Our body is made up of many different types of cells. Therefore, many different types of cancer can occur. Some types grow rather slowly and do not “spread” (they do not form metastases), some grow at great speed and spread a lot, while others do not form solid tumors, such as the blood cancer (leukemia) or lymphatic cancer (lymphoma, Hodgkin’s disease). Once a cancerous disease has been diagnosed, thoughtful action is required.
For this purpose, various diagnostic procedures are used depending on the type and location of the tumour.
The examination of a blood sample in the laboratory provides essential information. Physicians define the immune status by determining the type and number of immune cells in a blood sample. Our immune system reacts to certain tumours, for example, by producing more than the usual count of a special blood cell population. Most tumours also have specific characteristics and reveal themselves through so-called tumour markers. These are substances such as hormones or proteins. These tumour markers are either produced by the tumour itself and released into the blood, or the tumour causes the body to produce them.
Imaging procedures are very important in the diagnostics of cancer. X-rays were the first type of imaging technique to be discovered. Classic X-ray technology is still indispensable in many clinical situations today. Equally important nowadays are ultrasound, computed tomography (CT- or CAT-Scan), magnetic resonance imaging (MRI), scintigraphy and positron emission tomography (PET).
X-rays enable the radiologist to look inside the body because X-rays can penetrate it. Some organs allow the rays to pass through, while others slow them down to a greater or lesser extent, casting a visible “shadow” on the X-ray image. In cases of suspected cancer, classic radiographic diagnostics have now mostly been replaced by more sophisticated procedures allowing for greater details.
Ultrasound diagnostics, also known as sonography, use sound waves to generate images of the inside of the body. The examining physician can view them directly on a connected monitor and thus detect changes in organs and tissues, such as tumours or metastases. there is no radiation exposure for either doctor or patient while using sonography. Ultrasound examination is therefore used frequently, usually in addition to other methods. However, ultrasound alone is usually not sufficient to fully diagnose a tumour.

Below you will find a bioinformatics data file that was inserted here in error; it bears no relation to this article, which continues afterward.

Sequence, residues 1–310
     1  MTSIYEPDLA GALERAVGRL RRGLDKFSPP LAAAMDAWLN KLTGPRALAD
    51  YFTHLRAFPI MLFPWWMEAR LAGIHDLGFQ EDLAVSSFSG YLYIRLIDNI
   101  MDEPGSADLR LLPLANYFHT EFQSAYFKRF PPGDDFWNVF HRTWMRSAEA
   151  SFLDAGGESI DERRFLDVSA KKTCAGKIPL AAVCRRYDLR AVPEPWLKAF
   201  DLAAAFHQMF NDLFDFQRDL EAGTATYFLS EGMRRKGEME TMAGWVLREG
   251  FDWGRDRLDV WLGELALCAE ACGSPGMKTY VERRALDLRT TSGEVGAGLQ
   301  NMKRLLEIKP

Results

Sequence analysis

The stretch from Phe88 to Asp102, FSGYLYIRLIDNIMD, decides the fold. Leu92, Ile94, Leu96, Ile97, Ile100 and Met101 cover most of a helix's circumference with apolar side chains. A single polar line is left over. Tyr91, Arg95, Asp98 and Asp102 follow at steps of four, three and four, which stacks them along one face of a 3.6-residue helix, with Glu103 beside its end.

Computed tomography (CT or CAT-Scan) is a modern technique based on X-rays which allows a much more detailed look inside a person’s body, In this way, changes can be detected more precisely than by conventional X-ray imaging. In cancer therapy, computed tomography is used to validate the presence of a tumour or to monitor its progress during treatment.
Magnetic resonance imaging
Magnetic resonance imaging (MRI) uses a combination of a strong magnetic field with radio waves to produce detailed images of the inside of the body. In cancer diagnostics, MRI thus provides information about the location and size of a tumour.
In scintigraphy, a low-level radioactive substance can be used to visualize metabolic processes in the body. Before the examination, this radioactive substance is injected into the bloodstream. Metabolic processes cause it to be deposited in the body to varying degrees. Certain tumours and metastases will uptake and store the substance to a greater extent than healthy tissues, but sometimes also less. A special camera and a connected computer calculate images based on the different degrees of radiation emitted by the various body tissues. This way, tumours and metastases can be detected.
Positron emission tomography
Positron emission tomography (PET) can also be used to visualize metabolic processes in the body. For this purpose, radioactively labeled glucose or other substances known as “tracers” are used, which are injected into the bloodstream. Since tumors and metastases often have a different metabolism than healthy tissue, they may accumulate substances to a different degree. A measuring unit and a connected computer calculate PET images from the emitted radiation, producing visualizations on which tumours and metastases are clearly distinguishable.
In most cases, a palpable swelling, changes in lab parameters or a swollen lymph node are the results of benign changes, such as an infection. However, such symptoms can also be signs of tumour disease. In order to rule out the presence of a malignant tumour with certainty, it may be necessary
to examine cells or tissue directly collected from a suspicious area. The process of collecting such a tissue specimen, which usually only involves a minor surgical procedure, is called a biopsy. The specimen is further examined through microscopy by pathologists in a specialized lab, leading to what is called a histological finding. Doctors may advise patients to undergo a biopsy in the following cases:
- Detection of a lump in the chest of unclear dignity
- Changes in the mucous membranes of the digestive tract or the bladder
- Cellular changes in the female cervix
- Conspicuous palpation of the prostate accompanied by an elevated PSA reading
- Nodules of the thyroid
- Skin lesions of unclear dignity
If the tissue changes are small, it may be appropriate to remove the entire suspicious area right away rather than just taking a sample. This applies, for example, to smaller conspicuous moles and other skin changes. Doctors take a similar approach when testing lymph nodes for tumour cells, which are also completely removed and not biopsied. Another example is intestinal polyps, benign precursors of colon cancer, which are also removed completely, if possible immediately, during a colonoscopy.